Right patient, to the right care, in the right condition, in the right time

The National Transport Medicine Programme (NTMP) is one of the clinical programmes and was established in 2012.

The programme brings Critical Care, Anaesthesia, Emergency Medicine, Acute Medicine, Acute Surgery, Paediatrics, Obstetrics, Neonatology, Nursing and Midwifery, National Ambulance Service (NAS), Primary Care and Patients together under a single programme structure.

Over the last four years the NTMP has successfully championed the development of retrieval services for seriously ill infants, children and adults throughout Ireland. The programme is all about the timely retrieval/transfer of critically ill or severely injured patients by appropriately trained and skilled teams of healthcare professionals, who get the right patient, to the right care, in the right condition, in the right time.

Transfer of a patient occurs from a referring to a receiving hospital. Low acuity patients are transferred by NAS and by private ambulance services. Higher acuity patients are additionally accompanied by a nurse, and when required, a physician from the referring hospital.

The NTMP is currently undergoing root-and-branch reform which will see it become a service, within the HSE, in the coming year. This is in tandem with increased delivery of services across participating hospital groups.

Achievements to date

  • Expansion of the neonatal service, operating since December 2013 on a 24/7 basis.
  • 5000th baby transported by the National Neonatal Transport Programme (NNTP) in November 2016.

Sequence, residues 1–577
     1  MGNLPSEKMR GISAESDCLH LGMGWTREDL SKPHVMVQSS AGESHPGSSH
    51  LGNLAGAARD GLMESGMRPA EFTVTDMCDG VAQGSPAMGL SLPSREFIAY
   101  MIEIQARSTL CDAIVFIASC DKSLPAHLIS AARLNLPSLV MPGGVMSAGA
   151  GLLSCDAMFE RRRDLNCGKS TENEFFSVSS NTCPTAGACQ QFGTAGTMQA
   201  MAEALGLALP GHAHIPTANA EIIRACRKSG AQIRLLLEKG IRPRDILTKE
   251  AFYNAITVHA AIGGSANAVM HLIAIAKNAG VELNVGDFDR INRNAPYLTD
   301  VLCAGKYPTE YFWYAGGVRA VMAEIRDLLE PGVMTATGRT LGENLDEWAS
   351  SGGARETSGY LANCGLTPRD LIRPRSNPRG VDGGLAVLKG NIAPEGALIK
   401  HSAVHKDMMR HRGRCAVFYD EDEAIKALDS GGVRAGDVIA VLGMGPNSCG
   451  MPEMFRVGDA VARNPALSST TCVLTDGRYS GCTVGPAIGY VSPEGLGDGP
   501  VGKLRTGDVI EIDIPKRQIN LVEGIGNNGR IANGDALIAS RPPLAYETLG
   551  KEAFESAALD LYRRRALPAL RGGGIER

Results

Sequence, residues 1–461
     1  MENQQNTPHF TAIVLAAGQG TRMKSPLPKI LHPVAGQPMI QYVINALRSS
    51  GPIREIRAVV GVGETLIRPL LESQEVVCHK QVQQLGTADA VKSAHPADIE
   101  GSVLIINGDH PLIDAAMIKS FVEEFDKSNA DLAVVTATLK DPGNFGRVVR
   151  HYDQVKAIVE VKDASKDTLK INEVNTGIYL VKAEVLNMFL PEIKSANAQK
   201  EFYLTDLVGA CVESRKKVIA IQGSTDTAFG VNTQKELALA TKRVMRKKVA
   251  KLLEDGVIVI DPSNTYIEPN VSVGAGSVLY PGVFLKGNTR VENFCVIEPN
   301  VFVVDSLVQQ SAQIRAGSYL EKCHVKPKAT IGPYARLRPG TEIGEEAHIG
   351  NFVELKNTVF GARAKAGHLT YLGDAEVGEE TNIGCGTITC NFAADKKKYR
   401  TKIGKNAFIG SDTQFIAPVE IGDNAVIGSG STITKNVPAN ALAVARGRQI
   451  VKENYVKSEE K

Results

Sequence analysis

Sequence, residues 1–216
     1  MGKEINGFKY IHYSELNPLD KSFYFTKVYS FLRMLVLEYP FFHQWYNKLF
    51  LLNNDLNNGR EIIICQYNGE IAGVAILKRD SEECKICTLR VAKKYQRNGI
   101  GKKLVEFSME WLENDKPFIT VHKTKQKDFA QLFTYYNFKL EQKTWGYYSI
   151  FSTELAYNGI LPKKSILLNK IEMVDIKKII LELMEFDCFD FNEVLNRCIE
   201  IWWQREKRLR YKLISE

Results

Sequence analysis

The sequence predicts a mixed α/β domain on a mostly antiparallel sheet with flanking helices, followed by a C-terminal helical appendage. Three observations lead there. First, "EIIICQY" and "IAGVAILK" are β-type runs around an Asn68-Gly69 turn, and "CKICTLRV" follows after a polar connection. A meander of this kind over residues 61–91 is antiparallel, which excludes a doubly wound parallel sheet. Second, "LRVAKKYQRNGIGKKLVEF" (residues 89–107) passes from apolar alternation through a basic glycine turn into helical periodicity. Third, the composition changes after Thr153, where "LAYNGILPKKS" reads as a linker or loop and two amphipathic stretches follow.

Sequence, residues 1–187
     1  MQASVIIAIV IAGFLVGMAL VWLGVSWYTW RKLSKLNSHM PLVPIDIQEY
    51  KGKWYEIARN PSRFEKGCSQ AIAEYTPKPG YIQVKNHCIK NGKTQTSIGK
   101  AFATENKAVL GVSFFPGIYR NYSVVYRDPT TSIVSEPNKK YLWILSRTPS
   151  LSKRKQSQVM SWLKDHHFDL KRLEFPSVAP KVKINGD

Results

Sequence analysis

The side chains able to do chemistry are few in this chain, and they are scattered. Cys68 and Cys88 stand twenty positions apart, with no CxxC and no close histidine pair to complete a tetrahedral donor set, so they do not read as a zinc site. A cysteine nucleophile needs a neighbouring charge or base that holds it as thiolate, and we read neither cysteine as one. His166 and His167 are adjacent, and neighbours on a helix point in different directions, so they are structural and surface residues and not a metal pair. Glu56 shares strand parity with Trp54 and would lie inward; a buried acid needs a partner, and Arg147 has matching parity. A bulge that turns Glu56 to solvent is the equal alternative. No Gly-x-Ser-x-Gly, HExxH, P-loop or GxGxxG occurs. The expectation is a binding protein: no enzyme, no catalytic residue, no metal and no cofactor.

• Irish Paediatric Acute Transport Service (IPATS) pilot in operation since October 2014 on a 10:00 hrs to 20:00 hrs, Monday to Friday basis, with plans to move from 10:00 hrs to 22:00 hrs by early 2017.
  • National survey of adult critical care patient movement from model 2 to 3 and from model 3 to model 4 hospitals undertaken in 2015.
  • The NTMP is facilitating the Hospital Grouping Strategy on a national level; they are benefitting from the service expansion.
  • Better care is being delivered with improved patient outcomes, improved patient safety and quality of service, since the establishment of the programme.
  • Two new purpose designed critical care vehicles to support delivery of services to patients due for commissioning in the coming weeks.
  • Recruitment and retention tool for nursing/medical staff.
  • Joint working collaboration for nurses in Our Lady’s Children’s Hospital Crumlin (OLCHC) and Temple Street Children’s University Hospital (TSCUH), supporting integration to the new National Children’s Hospital (NCH).
  • National Outreach Education programme being delivered by the adult, paediatric and neonatal teams to regional hospitals, supporting collaborative working, standardisation and team working within hospitals, and within hospital groups. All hospitals are receiving the same training course.
  • Over 500 individuals have been trained on the neonatal, paediatric or adults courses in 2016. 
  • Mobile Intensive Care Ambulance Service (MICAS) South pilot 3 days per week from Cork University Hospital.
  • IPATS carried out 92 retrievals from Jan – Nov 2016.
  • MIICAS carried out 95 retrievals from Jan – Nov 2016, increase of almost 40% in two years.
  • NNTP carried out over 600 from Jan – Nov 2016.
  • ePCR for IPATS being piloted early 2017.
  • New website to be launched January 2017.

Next steps for 2017

  • Process to transition from a programme structure to an operational service
  • The establishment of a National Retrieval Coordination Desk
  • The establishment of a single telephone number for all Retrieval requests
  • The hosting of a National ‘live’ Critical Care Bed-Bureau